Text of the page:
Pakistani authorities are suspending mobile phone services in major cities to prevent sectarian violence during key Shia Muharram commemorations.
More than 90% of bombs are detonated by attackers using phones, officials say.
In some areas, motorbikes carrying passengers have been banned because of fears that this is how attackers could be brought to their targets.
Attacks on minority Shia by hard-line Sunnis have increased in recent months across Pakistan.
In the deadliest attack this week, 23 people were killed at a Shia procession in the city of Rawalpindi.
On Friday, mobile phone services were temporarily blocked in parts of the capital Islamabad, the southern port city of Karachi, and in Quetta in the south-east.
Pakistani authorities are suspending mobile phone services in major cities to prevent sectarian violence during key Shia Muharram commemorations
The authorities said that more areas would be cut off over the weekend – the climax of the holy month of Muharram for Shias.
“More than 90% of bomb blasts have been carried out through mobile sims,” Pakistani Interior Minister Rehman Malik told reporters.
“Most recently, all the blasts that occurred in the last 15 days were mobile phone-based,” he added.
Thousands of extra police are also being deployed and aerial surveillance will be carried out to monitor Shia processions across the country.
Muharram marks the anniversary of the battle where the grandson of the Prophet Mohammad was killed.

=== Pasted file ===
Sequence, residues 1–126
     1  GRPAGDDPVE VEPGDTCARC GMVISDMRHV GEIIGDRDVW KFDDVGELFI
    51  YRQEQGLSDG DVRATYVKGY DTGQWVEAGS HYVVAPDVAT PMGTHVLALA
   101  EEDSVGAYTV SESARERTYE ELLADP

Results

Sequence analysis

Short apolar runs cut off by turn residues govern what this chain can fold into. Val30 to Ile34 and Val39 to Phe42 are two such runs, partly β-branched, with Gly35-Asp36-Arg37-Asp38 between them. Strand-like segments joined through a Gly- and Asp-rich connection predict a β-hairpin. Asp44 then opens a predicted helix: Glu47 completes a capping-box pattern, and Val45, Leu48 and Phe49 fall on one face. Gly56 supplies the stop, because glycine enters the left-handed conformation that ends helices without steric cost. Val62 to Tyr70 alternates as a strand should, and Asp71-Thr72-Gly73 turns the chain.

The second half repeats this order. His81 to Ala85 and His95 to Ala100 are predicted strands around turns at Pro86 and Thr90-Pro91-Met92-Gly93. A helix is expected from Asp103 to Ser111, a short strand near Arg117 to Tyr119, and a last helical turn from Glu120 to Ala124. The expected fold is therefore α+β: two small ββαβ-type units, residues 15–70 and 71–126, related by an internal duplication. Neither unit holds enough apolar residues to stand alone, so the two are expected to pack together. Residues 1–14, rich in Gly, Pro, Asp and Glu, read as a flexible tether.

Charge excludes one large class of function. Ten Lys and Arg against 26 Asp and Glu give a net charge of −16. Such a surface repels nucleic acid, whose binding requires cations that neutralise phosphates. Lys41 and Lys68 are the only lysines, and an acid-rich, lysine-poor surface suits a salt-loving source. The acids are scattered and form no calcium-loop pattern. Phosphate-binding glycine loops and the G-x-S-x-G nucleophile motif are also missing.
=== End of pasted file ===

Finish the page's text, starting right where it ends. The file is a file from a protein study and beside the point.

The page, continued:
Nakoula Basseley Nakoula, the man linked to anti-Islam video Innocence of Muslims that sparked riots across the Muslim world, has been held without bond after a hearing in Los Angeles, California.
A judge said Nakoula Basseley Nakoula was a flight risk and cited a pattern of deception when making his ruling, Reuters news agency reported.
Nakoula Basseley Nakoula was investigated for violating probation terms after he was released from prison in 2011 for bank fraud.
He has not been detained over the contents of the inflammatory video.
Nakoula Basseley Nakoula, a 55-year-old Christian originally from Egypt, allegedly produced the 14-minute trailer for the film Innocence of Muslims. He had been in hiding after the release of the video.
Nakoula Basseley Nakoula has been held without bond after a hearing in LA
After his 2010 conviction, he was sentenced to 21 months in prison and, under the terms of his probation, he was banned from using computers or accessing the internet for five years without an officer’s permission.
US Central District Chief Magistrate Judge Suzanne Segal said: “the court has a lack of trust in this defendant at this time”.
Assistant Attorney Robert Dugdale said the court believed Nakoula Basseley Nakoula was flight risk.
“He has every incentive to disappear,” he said.
A clip from the US-made film was dubbed into Arabic, provoking widespread anger for its disrespectful portrayal of the Prophet Muhammad.
The film was made on a very low budget, with insults and offensive inferences to the Prophet Mohammad and Islam crudely dubbed on afterwards.
Earlier, the Obama administration had requested Google, the company that owns YouTube, to remove the clip. The technology firm refused, saying the film did not violate its rules.
The clip was uploaded to YouTube in July, but violence only broke out on 11 September, after Arabic TV stations broadcast it.
The clip has not broken any laws in the US, where freedom of speech is enshrined in the constitution’s first amendment.
Four Americans, including US Ambassador Christopher Stevens, were killed in an attack on the US consulate in Benghazi, Libya earlier this month.
Meanwhile, some of the actors in the video have come forward to say they were misled. They said had been hired to appear in a film called Desert Warriors, which did not mention Islam or the Prophet Muhammad in the script.